- National Review
- The Telegraph
The final days of a presidential term normally see an outgoing president issue a series of pardons to those who have had criminal convictions. Rumours are swirling about who Donald Trump may pardon, but what is a presidential pardon and how might Trump exercise this power? What is a pardon? A presidential pardon is a legal act under the constitution that allows president’s to unilaterally set aside a punishment for a federal crime. This can involve commuting a sentence, removing a fine or providing clemency. A president can issue a pardon for any federal crime except impeachment.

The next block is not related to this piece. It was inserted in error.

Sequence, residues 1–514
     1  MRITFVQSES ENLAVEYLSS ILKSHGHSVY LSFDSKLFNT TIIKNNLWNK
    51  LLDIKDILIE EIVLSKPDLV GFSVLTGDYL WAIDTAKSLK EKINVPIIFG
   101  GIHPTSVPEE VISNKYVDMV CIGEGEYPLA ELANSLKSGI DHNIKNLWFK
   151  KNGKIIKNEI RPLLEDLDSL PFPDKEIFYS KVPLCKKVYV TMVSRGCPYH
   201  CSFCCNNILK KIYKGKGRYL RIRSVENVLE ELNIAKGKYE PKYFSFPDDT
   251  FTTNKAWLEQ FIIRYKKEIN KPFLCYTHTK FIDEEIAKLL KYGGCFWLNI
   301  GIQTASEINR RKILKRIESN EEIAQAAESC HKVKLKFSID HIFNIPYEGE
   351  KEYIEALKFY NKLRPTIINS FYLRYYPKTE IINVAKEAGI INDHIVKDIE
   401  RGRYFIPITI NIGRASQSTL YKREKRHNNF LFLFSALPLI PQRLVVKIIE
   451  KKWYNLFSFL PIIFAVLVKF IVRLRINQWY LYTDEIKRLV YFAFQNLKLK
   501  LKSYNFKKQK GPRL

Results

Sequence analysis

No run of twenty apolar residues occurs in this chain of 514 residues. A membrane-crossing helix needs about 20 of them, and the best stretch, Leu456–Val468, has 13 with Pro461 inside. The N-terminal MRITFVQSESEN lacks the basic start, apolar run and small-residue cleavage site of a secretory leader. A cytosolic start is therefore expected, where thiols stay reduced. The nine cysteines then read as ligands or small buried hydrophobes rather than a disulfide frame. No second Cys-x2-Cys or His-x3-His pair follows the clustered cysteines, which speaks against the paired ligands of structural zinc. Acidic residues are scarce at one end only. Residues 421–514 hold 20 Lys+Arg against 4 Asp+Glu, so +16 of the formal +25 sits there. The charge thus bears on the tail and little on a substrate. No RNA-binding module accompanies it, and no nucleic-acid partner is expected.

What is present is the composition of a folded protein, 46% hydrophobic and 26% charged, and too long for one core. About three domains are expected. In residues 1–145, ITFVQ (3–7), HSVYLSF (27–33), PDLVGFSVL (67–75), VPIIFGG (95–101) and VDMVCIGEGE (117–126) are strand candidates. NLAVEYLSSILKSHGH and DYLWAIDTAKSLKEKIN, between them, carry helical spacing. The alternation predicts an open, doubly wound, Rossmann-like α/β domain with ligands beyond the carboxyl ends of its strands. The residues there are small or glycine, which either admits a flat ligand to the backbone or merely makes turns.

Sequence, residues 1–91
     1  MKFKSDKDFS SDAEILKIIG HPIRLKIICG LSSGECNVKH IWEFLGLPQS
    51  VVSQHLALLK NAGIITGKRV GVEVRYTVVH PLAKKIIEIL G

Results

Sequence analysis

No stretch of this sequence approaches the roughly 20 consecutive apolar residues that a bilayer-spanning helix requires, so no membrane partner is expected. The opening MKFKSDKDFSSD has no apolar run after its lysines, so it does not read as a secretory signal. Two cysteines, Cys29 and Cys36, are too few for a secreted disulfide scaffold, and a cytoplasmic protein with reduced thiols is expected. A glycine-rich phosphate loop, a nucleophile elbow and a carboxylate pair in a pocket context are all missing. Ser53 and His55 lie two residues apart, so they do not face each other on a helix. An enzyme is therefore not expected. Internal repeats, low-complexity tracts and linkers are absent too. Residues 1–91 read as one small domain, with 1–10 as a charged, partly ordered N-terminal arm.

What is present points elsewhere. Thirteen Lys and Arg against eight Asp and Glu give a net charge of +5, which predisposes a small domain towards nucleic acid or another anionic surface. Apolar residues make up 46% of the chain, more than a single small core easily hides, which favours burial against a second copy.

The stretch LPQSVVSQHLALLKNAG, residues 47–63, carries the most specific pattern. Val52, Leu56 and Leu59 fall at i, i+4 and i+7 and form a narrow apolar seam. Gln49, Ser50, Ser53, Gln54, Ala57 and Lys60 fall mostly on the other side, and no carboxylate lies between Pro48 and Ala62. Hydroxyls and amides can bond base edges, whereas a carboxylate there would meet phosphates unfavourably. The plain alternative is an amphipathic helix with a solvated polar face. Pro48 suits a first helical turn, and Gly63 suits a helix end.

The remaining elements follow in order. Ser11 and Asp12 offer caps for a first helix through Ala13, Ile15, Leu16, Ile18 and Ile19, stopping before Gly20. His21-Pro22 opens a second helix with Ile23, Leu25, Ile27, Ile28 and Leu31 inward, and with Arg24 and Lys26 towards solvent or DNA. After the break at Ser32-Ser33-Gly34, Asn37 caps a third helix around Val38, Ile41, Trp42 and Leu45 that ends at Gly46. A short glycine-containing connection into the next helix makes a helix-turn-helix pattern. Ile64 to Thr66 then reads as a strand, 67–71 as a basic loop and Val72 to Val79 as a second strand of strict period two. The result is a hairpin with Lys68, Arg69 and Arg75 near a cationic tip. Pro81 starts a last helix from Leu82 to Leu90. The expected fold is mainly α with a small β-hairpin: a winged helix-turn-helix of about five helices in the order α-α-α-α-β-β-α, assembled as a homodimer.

- Yahoo News Video
The spokesman for Republican U.S. Rep. Lauren Boebert has quit less than two weeks after she was sworn into office, saying he felt like he need to due to the insurrection at the nation's Capitol.
- NBC News
Court documents recounted the man's telling his children that he would consider them "traitors" if they contacted authorities.
- Los Angeles Times Opinion
It's one thing for rioters to receive due process; it's another thing for a law school not to want to be associated with someone who incited them.
- National Review